2.Greetings

Each country has its own greeting of saying “hi” or “hello” and it simply means that you’re living in a friendly place if someone says hello to strangers on the street, isn’t it? As it happens, I just love my “Sawadee ka” greeting with a palm pressed and a slight bow every time I hit my boss, my student’s parents, my neighbor, the old lady who cleans in the adjacent Soi road and the cashier who always heat up my favorite chicken rice at 7 eleven.I feel like one of the members of their blended community.

As an expat in Thailand, I’m pretty sure you’ll find yourself saying constantly “Sawadee ka” when spoken by a lady and “Sawadeee krap” for a man, which is a casual greeting of saying hello.So, you better off practicing the gesture before hopping on the train from the airport.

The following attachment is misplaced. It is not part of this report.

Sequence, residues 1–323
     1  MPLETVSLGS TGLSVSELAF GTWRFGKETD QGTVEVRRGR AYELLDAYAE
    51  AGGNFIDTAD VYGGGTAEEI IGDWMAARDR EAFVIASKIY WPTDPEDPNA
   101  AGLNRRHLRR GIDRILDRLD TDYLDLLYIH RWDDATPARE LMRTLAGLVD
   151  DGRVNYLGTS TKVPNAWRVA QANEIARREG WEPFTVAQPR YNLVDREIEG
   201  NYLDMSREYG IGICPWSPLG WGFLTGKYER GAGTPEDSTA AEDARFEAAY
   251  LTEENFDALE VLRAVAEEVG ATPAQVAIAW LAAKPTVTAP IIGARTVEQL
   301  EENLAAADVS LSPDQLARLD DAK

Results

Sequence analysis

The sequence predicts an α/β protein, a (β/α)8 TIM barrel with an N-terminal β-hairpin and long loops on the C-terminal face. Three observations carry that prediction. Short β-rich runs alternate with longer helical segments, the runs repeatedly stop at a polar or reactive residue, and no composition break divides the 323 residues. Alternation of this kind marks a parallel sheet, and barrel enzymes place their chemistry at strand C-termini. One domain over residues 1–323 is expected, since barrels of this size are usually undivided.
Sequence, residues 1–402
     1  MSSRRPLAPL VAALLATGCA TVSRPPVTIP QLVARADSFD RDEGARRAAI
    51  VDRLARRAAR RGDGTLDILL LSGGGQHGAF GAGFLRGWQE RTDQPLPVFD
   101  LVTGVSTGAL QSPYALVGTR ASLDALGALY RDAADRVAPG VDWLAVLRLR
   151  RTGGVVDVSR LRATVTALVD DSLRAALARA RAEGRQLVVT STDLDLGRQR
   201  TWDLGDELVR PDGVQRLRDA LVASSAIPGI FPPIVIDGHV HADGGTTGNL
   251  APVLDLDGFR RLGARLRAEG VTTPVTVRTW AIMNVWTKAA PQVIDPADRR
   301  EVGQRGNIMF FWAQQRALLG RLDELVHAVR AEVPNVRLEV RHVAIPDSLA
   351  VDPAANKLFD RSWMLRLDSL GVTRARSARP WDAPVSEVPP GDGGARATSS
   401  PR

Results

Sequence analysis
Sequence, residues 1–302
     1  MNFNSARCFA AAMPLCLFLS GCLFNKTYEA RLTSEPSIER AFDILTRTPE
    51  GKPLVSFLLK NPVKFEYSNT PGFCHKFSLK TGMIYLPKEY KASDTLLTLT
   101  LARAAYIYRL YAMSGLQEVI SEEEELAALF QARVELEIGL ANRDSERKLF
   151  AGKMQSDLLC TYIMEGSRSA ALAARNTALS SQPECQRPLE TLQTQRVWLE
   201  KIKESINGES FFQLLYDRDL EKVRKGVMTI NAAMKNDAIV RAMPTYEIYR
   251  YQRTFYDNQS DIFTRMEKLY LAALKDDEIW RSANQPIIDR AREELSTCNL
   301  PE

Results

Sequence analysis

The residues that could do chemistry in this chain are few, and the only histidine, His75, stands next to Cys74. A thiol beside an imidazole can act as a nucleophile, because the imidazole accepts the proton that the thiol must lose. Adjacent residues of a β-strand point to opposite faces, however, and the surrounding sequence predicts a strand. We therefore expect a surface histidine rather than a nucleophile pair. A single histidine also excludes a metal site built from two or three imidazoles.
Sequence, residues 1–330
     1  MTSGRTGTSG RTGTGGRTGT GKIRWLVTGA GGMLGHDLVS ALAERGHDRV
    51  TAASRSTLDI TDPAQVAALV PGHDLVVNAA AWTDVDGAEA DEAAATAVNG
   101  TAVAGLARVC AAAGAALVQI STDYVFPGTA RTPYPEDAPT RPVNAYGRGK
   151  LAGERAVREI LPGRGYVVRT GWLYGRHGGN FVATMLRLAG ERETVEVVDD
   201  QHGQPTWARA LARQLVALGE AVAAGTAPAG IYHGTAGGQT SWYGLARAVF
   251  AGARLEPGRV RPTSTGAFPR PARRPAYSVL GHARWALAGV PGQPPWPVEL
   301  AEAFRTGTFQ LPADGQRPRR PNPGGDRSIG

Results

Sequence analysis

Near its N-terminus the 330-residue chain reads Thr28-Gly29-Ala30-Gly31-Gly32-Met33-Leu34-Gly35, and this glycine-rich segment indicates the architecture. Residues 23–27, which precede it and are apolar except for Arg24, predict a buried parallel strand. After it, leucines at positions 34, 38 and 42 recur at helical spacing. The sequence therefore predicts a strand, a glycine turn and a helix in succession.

3.It’s okay to be LGBT

The major cities in Thailand is pretty much LGBT friendly.This is especially true in Bangkok, wherein they welcome lesbian, gay, bisexual and transgenders visitors, which I find it surprising because it is not always quite open to any other countries, especially in small cities.
Although, the society seems to have space for transgenders particularly in entertainment and tourism industry but there are still people think that heterosexual is a norm rather than diverse and I absolutely respect that. But somehow I know these people wanted to be treated equally rather than unfavorable judgments based on gender, race, education, religion, thinking styles and even minimal interaction.Does it seem unfair when some people walk all over you?